What isÂ Cerebral palsy?
Cerebral palsy (CP) is an umbrella term for a group of disorders affecting body movement, balance, and posture. Loosely translated, cerebral palsy means “brain paralysis.” Cerebral palsy is caused by abnormal development or damage in one or more parts of the brain that control muscle tone and motor activity (movement). The resulting impairments first appear early in life, usually in infancy or early childhood. Infants with cerebral palsy are usually slow to reach developmental milestones such as rolling over, sitting, crawling, and walking.
Common to all individuals with cerebral palsy is difficulty controlling and coordinating muscles. This makes even very simple movements difficult. Cerebral palsy may involve muscle stiffness (spasticity), poor muscle tone, uncontrolled movements, and problems with posture, balance, coordination, walking, speech, swallowing, and many other functions. Mental retardation, seizures, breathing problems, learning disabilities, bladder and bowel control problems, skeletal deformities, eating difficulties, dental problems, digestive problems, and hearing and vision problems are often linked to cerebral palsy.
What are the types of Cerebral Palsy?
Types of cerebral palsy are as follows:
Increased muscle tone is the defining characteristic of this type. The muscles are stiff (spastic), and movements are jerky or awkward. This type is classified by which part of the body is affected: diplegia (both legs), hemiplegia (one side of the body), or quadriplegia (the entire body). This is the most common type of CP, accounting for about 70% to 80% of cases.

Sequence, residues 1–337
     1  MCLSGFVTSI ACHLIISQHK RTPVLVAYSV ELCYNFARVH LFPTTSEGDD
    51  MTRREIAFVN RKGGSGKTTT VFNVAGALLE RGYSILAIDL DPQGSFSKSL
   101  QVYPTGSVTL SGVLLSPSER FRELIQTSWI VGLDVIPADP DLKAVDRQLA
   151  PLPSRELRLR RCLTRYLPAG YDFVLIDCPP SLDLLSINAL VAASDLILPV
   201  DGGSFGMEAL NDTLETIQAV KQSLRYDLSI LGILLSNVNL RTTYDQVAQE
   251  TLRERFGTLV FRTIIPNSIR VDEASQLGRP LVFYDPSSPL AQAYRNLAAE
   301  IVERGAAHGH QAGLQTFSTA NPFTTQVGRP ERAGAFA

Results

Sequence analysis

This includes types that affect coordination of movements. There are two subtypes.
- Athetoid:Â The person has uncontrolled movements that are slow and writhing. The movements can affect any part of the body, including the face, mouth, and tongue. About 10% to 20% of cerebral palsy cases are of this type.
- Ataxic:Â This type affects balance and coordination. Depth perception is usually affected. If the person can walk, the gait is probably unsteady. He or she has difficulty with movements that are quick or require a great deal of control, such as writing. About 5% to 10% of cases of cerebral palsy are of this type.
This is a mixture of different types of cerebral palsy. A common combination is spastic and athetoid.
What are the causes and risk factors of Cerebral Palsy?
Cerebral palsy results from damage to certain parts of the developing brain.
- This damage can occur early in pregnancy when the brain is just starting to form, during the birth process as the child passes through the birth canal, or after birth in the first few years of life.
- In many cases, the exact cause of the brain damage is never known.
Risk factors linked with cerebral palsy include the following:
- Infection, seizure disorder, thyroid disorder, and/or other medical problems in the mother
- Birth defects, especially those affecting the brain, spinal cord, head, face, lungs, or metabolism
- Rh factor incompatibility, a difference in the blood between mother and fetus that can cause brain damage in the fetus (Fortunately, this is almost always detected and treated in women who receive proper prenatal medical care.)
- Certain hereditary and genetic conditions
- Complications during labor and delivery
- Premature birth
- Low birth weight (especially if less than 2 pounds at birth)